It is good that both the Massachusetts and the Alabama have been preserved as memorials to the ships of the class, their sailors and the United States Navy in the Second World War. Because of the efforts of the people of Massachusetts and Alabama millions of people have been able to see these magnificent ships and remember their fine crews. Both have hosted reunions of their ships companies since becoming museum ships and with the World War Two generation passing away in greater numbers every day soon these ships as well as the USS Texas, USS North Carolina, USS Missouri, USS New Jersey and USS Wisconsin will be all that is left to remember them unless a home can be found for the USS Iowa which stricken from the Naval Register awaits an uncertain fate as a resident of the “Ghost Fleet” in Suisun Bay California.  No other nation preserved any other dreadnought or treaty battleship thus only these ships remain from the era of the Dreadnought.

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Four of a Kind: The Illustrious Class Aircraft Carriers

HMS Illustrious in 1944

In the mid-1930s the Royal Navy recognized the need to develop and built new Fleet Carriers. The Illustrious Class of four ships was ordered as part of the 1936 Naval Program.  The four ships of the class HMS Illustrious, HMS Formidable, HMS Victorious and HMS Indomitable were some of the most important ships to see service in the Royal Navy in the Second World War and would see action in the Atlantic, Arctic, Mediterranean, Indian Ocean and Pacific.  They were tough ships and all sustained serious damage at least once in their careers that might have sunk other ships.  Different in concept than the Royal Navy’s only modern carrier the Ark Royal they displaced more than the U.S. Navy Yorktown Class and just somewhat less than the following Essex Class ships although they were over 100 feet shorter in length as compared to the American ships.

The class was built with an armored flight deck which covered the hangar deck with both as an integral part of the ship’s structure and defense.  The American ships hanger and flight deck were part of the superstructure with the armored deck being that of the hangar deck itself.  This provided advantages in protection against bombs and later Kamikazes but there was a trade off in both aircraft capacity and the ability for the ships to handle the larger aircraft that came into service following the Second World War.  As designed the ships carried just 36 aircraft as compared with the 80-100 aircraft of the American ships and the 72 that the Ark Royal was rated at.  Later in the war the Royal Navy adopted the American practice of an air park on the flight deck which increased their capacity to up to 70 aircraft. The last ship of the class, the Indomitable was built to a modified deign with an expanded two deck hangar with increased aircraft capacity similar to that of the Ark Royal.  An additional drawback to the design was that any bomb which penetrated the armored flight deck exploded inside the hangar causing deformation to the actual ship’s structure.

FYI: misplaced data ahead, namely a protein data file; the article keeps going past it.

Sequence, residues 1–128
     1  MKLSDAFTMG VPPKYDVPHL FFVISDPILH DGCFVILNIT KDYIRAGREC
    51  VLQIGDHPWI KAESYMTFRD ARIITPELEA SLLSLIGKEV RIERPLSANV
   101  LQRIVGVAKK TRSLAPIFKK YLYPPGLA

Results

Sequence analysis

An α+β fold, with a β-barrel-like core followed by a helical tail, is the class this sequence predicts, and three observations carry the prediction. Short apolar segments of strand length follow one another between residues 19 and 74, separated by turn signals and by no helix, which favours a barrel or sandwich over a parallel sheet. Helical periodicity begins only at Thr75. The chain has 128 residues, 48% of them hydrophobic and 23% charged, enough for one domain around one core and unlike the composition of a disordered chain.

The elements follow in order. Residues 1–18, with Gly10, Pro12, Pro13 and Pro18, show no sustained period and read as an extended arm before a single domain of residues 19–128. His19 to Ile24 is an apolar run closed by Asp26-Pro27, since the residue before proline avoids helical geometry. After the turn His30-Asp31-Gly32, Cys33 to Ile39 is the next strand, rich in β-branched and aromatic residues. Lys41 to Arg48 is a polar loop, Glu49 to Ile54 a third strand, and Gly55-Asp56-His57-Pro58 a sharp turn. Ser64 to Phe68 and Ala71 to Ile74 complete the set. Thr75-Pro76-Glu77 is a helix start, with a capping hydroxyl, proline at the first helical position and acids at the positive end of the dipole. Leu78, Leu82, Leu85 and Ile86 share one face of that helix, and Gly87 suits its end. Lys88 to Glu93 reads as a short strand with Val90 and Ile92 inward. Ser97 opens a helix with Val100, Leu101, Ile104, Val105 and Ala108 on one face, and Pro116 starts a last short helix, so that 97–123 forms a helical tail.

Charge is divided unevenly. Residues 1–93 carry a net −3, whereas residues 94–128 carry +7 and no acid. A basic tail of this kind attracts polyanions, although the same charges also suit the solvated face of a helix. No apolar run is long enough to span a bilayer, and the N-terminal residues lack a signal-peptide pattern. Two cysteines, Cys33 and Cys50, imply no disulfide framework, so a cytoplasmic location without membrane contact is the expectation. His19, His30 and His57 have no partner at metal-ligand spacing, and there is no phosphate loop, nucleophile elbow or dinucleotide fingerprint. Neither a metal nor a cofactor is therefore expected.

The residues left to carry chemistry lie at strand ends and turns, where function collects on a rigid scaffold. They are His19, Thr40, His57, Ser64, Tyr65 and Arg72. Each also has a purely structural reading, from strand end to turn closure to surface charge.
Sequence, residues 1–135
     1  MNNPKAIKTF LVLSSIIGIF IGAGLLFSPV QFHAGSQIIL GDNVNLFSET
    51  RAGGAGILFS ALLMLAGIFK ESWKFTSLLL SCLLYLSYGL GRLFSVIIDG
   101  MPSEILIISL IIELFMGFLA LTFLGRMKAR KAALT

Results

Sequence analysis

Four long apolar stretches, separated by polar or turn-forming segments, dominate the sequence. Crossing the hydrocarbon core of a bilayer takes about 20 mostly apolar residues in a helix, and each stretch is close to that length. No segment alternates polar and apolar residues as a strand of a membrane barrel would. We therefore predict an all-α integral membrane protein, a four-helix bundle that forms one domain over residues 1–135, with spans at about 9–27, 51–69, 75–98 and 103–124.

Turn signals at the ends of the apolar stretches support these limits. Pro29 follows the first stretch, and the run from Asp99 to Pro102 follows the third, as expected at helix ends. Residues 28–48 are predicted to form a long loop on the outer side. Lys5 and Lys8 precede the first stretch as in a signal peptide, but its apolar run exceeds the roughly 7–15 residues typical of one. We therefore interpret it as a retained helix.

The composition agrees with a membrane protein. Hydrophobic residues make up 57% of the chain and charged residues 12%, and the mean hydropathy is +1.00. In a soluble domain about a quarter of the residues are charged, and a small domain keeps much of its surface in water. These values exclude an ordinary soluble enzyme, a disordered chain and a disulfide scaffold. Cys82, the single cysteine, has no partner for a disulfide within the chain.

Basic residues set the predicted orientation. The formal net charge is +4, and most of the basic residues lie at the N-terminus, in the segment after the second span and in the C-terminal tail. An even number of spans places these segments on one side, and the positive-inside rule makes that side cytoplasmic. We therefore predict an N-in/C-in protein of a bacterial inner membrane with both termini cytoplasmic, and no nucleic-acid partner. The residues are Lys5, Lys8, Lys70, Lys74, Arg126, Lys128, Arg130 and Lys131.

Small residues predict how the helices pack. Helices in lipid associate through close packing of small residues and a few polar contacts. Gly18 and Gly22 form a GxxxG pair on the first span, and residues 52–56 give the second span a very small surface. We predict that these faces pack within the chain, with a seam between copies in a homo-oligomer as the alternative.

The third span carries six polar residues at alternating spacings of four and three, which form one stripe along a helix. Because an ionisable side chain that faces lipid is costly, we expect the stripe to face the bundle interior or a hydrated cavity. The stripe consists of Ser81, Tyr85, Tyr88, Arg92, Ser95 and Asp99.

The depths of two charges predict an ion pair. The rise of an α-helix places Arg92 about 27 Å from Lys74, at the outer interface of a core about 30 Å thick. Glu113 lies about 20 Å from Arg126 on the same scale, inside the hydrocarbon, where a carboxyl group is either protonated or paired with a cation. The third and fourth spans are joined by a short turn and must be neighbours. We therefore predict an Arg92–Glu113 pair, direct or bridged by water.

British defensive doctrine for these carriers was focused on the passive protection provided by the armored flight deck and by a far heavier anti-aircraft battery than the Yorktown Class and comparable to the Essex Class. This was a different doctrine than that of the Americans and the Imperial Japanese Navy which embarked large air groups believing that the aircraft were integral to the defense of the ship.

The ships displaced 28,919 tons full load and were capable of steaming at 30.5 knots with an operational range of 11,000 nautical miles at 14 knots, far more than any previous Royal Navy carrier but far less than the Essex class which could steam 20,000 nautical miles at 15 knots. The Essex Class ships were had a greater displacement as well as a higher top speed of 33 knots.  The Illustrious class was best suited for operations in the Atlantic and Mediterranean and less suited to the vast expanse of the Pacific where they would spend the last year of the war.

Illustrious under attack by German Bombers

HMS Illustrious: Illustrious was laid down in April 1937, launched in April 1939 and commissioned in May 1940. Upon commissioning she and her air group deployed to the Mediterranean where in the dark days following the fall of France they escorted vital convoys, supported the Royal Army in the war in North Africa and conducted strikes against Italian shore installations and fleet units.  Illustrious launched the first major raid against an enemy shore base by carrier aircraft on 11 November 1940. Her aircraft from number 813, 815, 819 and 823 Squadrons made a night attack on the Naval Base at Taranto sinking the battleship Conte di Cavour and heavily damaging the battleships Andrea Doria and the new battleship Littorio and moderate damage to the Caio Dulio This strike helped cripple Italian naval power and helped give the Japanese inspiration for the Pearl Harbor attack.    On 10 January she suffered severe damage from 6 bomb hits while escorting a convoy near Malta. She was attacked again at Malta causing more damage and she was withdrawn from action and sent to Norfolk Naval Shipyard for repairs. The damage was severe enough to keep her out of the war until May of 1942.  One of her shafts was so badly damaged that it had to be cut away and could not be replaced which reduced her speed to 23 knots. On her return to action she covered the landings against the Vichy French island of Madagascar and the Sicily landings. In 1944 she was in action with the Far East Fleet conducting raids against Japanese held islands in Indonesia and in 1945 was in action as part of the British Pacific Fleet where she saw action at Okinawa where she was hit by two Kamikazes and Formosa where a near miss close aboard by a Kamikaze caused severe damage below her waterline.  She sailed home where she underwent repair until 1946 when she was returned to duty as a training carrier in which capacity she served until she was decommissioned and scrapped in 1954.